Otho’s character was by no means so effeminate as his person. His 22 intimate freedmen and slaves, who were allowed a licence unusual in private households, dangled before him the baits for which he was greedy: the luxuries of Nero’s Court, the marriages he could make, the adulteries he could commit, and all the other imperial pleasures. They were his, they pointed out, if he would bestir himself; it was shameful to lie quiet and leave them to others. He was also incited by the astrologers, who declared that their study of the stars pointed to great changes and a year of glory for Otho. Creatures of this class always deceive the ambitious, though those in power distrust them. Probably we shall go on for ever proscribing them and keeping them by us. Poppaea had always had her boudoir full of these astrologers, the worst kind of outfit for a royal menage. One of them, called Ptolemy, had gone with Otho to Spain and foretold that he would outlive Nero. This came true and Otho believed in him. He now based his vague conjectures on the computations of Galba’s age and Otho’s youth, and persuaded him that he would ascend the throne. But, though the man had no real skill, Otho accepted the prophecy as if it was the finger of fate. Human nature always likes to believe what it cannot understand.
Nor was Ptolemy himself slow to incite his master to crime, to 23 which it is only a short step from such ambitions. But whether his criminal designs were deliberate or suddenly conceived, it is impossible to say. He had long been courting the goodwill of the soldiers either in the hope of being adopted by Galba or to prepare the way for treason. On the road from Spain, while the men were marching or on outpost duty, he would address the veterans by name, reminding them how he and they had served together under Nero, and calling them his comrades. He renewed acquaintance with some, asked after others and helped them with money or influence, frequently letting fall complaints and ambiguous remarks about Galba, using all the arts which work upon uneducated minds. The soldiers grumbled bitterly at the exertions of the march, the shortage of provisions, and the strict discipline. What they were used to was a journey to the Campanian Lakes or Greek seaports on board ship; they found it hard to struggle over the Pyrenees and Alps, and march immense distances under arms.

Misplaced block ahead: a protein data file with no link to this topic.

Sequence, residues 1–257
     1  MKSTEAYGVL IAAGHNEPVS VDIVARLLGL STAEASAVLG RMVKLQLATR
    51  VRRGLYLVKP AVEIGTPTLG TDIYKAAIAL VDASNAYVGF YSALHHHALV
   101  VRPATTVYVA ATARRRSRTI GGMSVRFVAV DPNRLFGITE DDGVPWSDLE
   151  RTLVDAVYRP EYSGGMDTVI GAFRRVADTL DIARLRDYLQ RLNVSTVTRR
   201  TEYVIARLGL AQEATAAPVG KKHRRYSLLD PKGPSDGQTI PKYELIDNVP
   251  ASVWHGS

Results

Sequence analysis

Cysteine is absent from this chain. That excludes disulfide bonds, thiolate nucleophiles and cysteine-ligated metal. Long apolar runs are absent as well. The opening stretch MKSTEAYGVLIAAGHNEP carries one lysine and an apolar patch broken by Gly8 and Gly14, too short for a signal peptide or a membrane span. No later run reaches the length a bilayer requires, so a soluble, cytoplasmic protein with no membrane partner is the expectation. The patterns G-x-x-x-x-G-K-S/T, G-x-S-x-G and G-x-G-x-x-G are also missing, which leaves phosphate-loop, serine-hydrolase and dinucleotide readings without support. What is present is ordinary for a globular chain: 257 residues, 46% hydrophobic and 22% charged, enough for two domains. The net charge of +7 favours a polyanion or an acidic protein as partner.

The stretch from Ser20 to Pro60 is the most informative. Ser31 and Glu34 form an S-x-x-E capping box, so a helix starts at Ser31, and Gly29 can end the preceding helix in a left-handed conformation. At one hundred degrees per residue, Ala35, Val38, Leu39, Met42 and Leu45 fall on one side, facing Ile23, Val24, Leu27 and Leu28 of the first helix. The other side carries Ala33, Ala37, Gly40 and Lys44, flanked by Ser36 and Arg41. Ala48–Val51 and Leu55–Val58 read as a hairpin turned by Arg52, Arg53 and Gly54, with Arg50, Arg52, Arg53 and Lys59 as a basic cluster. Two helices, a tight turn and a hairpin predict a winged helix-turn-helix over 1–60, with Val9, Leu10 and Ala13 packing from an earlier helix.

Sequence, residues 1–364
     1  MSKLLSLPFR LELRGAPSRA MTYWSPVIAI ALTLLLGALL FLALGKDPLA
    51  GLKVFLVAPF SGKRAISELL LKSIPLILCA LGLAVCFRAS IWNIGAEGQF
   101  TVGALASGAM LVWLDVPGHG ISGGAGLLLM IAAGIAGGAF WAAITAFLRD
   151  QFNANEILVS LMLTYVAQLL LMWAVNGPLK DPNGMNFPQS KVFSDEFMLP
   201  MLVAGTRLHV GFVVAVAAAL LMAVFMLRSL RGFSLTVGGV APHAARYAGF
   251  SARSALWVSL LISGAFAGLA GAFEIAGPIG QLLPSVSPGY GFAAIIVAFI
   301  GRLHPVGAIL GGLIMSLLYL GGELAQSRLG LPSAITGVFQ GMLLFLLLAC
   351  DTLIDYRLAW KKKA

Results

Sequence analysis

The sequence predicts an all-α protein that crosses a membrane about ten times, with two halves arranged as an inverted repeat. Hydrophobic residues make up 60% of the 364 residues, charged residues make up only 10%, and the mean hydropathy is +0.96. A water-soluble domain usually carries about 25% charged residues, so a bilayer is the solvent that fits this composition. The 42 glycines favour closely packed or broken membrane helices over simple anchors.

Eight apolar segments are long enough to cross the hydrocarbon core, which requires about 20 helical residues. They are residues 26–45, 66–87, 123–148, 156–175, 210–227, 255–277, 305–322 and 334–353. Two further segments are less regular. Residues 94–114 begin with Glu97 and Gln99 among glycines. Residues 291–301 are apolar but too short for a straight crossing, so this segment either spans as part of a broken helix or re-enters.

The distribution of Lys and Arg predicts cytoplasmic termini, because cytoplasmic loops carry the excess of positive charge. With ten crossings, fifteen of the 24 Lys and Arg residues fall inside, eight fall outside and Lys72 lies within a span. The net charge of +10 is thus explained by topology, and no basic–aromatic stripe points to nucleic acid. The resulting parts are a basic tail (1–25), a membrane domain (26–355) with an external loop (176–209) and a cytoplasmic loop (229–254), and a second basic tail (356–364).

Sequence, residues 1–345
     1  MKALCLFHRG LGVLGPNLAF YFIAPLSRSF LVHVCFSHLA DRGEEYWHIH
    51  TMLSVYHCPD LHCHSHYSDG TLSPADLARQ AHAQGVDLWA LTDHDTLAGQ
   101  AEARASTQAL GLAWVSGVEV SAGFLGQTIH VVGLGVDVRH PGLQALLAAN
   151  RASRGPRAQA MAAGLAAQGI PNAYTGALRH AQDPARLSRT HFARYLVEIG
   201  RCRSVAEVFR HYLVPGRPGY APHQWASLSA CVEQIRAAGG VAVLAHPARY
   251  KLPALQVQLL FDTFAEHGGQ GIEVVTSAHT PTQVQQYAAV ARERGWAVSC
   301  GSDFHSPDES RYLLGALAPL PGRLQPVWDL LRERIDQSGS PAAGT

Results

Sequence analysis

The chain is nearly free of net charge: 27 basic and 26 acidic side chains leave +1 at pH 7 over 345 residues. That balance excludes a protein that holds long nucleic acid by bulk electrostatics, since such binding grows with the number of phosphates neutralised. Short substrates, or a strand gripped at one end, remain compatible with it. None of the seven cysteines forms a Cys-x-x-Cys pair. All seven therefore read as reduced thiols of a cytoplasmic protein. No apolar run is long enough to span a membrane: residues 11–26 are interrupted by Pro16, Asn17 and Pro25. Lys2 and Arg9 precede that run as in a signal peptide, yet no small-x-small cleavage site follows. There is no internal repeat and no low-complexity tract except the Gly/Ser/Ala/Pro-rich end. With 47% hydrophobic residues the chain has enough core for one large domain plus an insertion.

While the soldiers were thus already fired with discontent, 24 Maevius Pudens, one of Tigellinus’ intimates, added fuel to their feelings by luring on all who were naturally unstable or in need of money, or rashly eager for a change. Eventually, whenever Galba dined with him, Otho went the length of presenting a hundred sesterces to each of the soldiers on guard, on the pretext that this was instead of entertaining them. This system of public largess Otho extended by making presents in confidence to individuals, and such spirit did he show in bribery that when a member of the Body Guard, Cocceius Proculus, brought an action to claim part of his neighbour’s farm, Otho bought the whole property out of his own pocket and gave it to him. He was enabled to do this by the inefficiency of the Prefect Laco, who was no less blind to notorious than to secret scandals.